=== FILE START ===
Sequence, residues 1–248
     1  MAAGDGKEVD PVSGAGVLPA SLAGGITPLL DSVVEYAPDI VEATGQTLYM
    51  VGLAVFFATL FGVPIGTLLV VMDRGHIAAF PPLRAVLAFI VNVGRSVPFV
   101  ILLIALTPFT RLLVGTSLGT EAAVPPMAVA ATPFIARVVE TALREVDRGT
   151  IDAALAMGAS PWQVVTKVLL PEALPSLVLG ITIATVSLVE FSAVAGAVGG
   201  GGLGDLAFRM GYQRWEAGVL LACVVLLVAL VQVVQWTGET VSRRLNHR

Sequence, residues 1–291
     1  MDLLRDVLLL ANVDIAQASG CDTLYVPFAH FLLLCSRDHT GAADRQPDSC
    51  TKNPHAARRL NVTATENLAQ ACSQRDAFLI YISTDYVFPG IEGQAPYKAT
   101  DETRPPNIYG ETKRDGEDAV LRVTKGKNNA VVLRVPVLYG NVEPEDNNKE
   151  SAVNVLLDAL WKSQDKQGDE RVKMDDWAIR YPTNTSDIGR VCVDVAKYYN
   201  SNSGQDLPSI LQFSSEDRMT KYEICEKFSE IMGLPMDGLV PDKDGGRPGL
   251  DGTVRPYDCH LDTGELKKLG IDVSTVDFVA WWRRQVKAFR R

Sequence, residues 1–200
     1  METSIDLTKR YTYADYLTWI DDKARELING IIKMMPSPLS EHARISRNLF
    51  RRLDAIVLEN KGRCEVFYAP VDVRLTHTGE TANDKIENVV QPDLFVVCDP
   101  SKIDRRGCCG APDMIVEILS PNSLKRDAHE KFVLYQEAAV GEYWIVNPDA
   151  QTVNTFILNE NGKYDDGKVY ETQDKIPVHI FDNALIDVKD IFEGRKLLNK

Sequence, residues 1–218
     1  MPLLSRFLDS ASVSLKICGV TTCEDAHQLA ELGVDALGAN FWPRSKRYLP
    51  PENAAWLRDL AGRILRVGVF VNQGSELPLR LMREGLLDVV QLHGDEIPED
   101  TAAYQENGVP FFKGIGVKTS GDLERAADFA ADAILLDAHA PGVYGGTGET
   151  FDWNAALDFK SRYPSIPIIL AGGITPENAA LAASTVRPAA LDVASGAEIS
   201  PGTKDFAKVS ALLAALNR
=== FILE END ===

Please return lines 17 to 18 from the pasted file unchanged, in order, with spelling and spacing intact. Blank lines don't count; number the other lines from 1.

   101  SKIDRRGCCG APDMIVEILS PNSLKRDAHE KFVLYQEAAV GEYWIVNPDA
   151  QTVNTFILNE NGKYDDGKVY ETQDKIPVHI FDNALIDVKD IFEGRKLLNK